22 His disciples stared at one another, at a loss to know which of them he meant. 23 One of them, the disciple whom Jesus loved, was reclining next to him. 24 Simon Peter motioned to this disciple and said, “Ask him which one he means.”
25 Leaning back against Jesus, he asked him, “Lord, who is it?”
26 Jesus answered, “It is the one to whom I will give this piece of bread when I have dipped it in the dish.” Then, dipping the piece of bread, he gave it to Judas, the son of Simon Iscariot. 27 As soon as Judas took the bread, Satan entered into him.
Thoughts: Paul said there are dangers in taking communion in the wrong way- in an unworthy manner (1 Cor. 11:27,34). Judas certainly set a precedent of taking communion with fake faith. Before we take the Lord's Supper we are called to examine ourselves. The Old Presbyterians took this so seriously that they restricted communion to only four times a year and each person was examined by an elder and given a token if they passed the spiritual examination. We take communion lightly today, but should seek this Supper as an opportunity for repentance and holiness.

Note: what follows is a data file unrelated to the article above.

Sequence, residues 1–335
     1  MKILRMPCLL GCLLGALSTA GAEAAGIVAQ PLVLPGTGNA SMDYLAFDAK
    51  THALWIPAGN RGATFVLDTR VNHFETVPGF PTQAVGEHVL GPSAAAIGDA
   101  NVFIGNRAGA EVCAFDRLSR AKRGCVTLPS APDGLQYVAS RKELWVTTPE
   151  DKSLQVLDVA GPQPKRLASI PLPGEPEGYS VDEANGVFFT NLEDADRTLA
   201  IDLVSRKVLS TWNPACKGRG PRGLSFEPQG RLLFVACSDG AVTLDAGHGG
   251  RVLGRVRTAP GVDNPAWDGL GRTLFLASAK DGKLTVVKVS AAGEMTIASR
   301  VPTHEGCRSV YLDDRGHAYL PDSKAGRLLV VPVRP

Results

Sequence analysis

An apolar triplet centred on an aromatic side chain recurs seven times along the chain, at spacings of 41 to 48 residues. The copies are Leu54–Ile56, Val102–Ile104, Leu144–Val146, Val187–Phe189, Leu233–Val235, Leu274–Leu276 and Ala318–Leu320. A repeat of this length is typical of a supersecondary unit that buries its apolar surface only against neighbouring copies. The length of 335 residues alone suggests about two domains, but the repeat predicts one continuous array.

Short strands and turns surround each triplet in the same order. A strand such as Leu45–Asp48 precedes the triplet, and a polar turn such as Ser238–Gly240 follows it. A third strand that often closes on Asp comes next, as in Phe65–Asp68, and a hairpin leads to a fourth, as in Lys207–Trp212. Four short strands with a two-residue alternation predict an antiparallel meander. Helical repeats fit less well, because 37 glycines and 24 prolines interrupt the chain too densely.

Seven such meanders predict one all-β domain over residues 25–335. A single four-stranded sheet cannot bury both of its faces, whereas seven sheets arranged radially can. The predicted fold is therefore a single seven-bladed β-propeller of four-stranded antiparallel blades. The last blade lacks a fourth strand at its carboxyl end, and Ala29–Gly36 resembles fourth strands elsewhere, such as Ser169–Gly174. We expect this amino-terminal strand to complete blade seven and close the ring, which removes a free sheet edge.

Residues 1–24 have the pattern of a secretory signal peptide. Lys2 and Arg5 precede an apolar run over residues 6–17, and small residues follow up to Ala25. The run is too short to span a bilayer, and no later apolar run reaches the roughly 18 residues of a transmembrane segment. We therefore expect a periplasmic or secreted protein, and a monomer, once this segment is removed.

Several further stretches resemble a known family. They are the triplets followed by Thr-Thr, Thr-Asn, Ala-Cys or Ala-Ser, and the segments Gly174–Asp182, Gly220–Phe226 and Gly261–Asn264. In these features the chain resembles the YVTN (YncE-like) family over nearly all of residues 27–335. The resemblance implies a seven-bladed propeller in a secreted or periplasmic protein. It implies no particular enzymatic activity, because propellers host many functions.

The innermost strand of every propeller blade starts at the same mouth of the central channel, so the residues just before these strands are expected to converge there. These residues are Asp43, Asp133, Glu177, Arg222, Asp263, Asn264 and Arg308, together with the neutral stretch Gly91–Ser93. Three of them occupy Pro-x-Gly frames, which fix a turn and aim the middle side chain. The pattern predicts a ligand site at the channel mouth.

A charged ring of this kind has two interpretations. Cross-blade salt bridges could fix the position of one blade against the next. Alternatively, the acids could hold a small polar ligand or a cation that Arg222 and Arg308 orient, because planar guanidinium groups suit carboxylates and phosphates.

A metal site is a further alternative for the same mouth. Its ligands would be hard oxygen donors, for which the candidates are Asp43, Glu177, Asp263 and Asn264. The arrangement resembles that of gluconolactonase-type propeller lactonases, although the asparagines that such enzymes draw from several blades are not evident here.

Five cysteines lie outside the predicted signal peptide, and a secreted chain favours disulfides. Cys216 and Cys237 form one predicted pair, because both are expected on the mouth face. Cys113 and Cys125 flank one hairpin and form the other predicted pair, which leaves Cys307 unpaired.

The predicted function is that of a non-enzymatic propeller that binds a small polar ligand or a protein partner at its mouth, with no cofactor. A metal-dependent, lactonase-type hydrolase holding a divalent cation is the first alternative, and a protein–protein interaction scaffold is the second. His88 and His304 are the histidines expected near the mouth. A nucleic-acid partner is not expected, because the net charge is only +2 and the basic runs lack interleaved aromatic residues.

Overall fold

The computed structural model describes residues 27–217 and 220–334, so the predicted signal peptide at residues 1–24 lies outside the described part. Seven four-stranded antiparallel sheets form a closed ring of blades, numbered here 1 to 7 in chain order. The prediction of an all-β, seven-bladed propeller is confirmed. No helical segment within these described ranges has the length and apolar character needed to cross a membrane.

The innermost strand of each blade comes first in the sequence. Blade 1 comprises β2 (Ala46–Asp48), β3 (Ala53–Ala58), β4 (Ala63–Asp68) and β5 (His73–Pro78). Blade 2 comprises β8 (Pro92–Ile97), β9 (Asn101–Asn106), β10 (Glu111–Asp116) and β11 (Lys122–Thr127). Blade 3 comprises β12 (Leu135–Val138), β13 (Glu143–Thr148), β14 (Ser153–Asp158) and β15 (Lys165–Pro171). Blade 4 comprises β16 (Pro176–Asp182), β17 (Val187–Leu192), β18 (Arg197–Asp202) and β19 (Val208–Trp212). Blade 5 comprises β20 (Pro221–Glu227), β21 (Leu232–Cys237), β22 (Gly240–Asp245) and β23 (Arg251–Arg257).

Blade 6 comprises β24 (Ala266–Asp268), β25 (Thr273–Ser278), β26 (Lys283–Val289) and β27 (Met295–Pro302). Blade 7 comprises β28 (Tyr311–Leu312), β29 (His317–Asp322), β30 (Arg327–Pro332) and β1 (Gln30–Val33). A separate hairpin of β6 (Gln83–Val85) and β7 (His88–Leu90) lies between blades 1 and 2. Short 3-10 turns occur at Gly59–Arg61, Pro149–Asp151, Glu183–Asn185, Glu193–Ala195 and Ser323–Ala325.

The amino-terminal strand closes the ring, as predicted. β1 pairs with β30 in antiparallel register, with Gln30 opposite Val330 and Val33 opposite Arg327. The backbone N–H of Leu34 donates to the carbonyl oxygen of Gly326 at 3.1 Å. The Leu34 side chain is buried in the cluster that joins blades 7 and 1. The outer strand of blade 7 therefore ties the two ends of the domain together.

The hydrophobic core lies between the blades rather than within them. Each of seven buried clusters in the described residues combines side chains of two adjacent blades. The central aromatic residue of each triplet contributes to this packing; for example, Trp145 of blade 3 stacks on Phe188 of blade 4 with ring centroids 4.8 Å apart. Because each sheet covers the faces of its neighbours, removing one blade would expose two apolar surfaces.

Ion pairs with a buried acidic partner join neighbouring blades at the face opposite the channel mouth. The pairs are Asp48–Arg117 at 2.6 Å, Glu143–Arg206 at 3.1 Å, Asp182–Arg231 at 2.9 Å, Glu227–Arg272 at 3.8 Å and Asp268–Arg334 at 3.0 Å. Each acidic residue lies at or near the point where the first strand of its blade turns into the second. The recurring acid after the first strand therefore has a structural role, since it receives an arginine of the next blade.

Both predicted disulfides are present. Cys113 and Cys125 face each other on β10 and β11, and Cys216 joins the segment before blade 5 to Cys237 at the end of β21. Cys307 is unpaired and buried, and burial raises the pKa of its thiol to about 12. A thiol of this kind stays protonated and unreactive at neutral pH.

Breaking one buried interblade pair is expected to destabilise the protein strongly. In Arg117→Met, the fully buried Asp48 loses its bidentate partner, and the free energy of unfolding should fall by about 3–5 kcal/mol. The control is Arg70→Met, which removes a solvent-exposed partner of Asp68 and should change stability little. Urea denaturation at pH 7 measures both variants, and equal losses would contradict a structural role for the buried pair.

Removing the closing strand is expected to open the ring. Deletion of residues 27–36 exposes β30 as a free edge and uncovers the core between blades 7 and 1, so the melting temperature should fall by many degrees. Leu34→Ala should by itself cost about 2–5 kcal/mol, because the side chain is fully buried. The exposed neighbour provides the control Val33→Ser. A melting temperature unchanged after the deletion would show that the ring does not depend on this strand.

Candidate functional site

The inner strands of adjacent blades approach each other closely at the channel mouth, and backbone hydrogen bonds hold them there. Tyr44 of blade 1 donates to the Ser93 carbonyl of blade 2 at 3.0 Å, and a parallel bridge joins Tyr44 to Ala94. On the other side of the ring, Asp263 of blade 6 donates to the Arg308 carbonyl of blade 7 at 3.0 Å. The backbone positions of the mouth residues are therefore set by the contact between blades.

Yet, there is also a sense in which none of us are worthy- or perfect. We come to the Lord's table humbly, in need of grace to make us better. If we waited until we are perfect, none of us would take communion. Martin Luther shook when he first gave communion because he knew he was unworthy. Perhaps- the balance is we need to have sincere faith, but also come humbly to meet with our Lord.
Prayer: When I come to commune with you, may I come with true gratitude in my heart and sincere faith.
John Calvin Abridged: Why did Jesus give a dipped sop to identify the traitor when He could have openly pointed to him by name? This teaches us that when hypocrites are concealed, we should be patient until they are seen in the light. Judas sat among the other apostles, but was condemned by the mouth of the Judge. No one who holds a place among the children of God is in any better place than was Judas.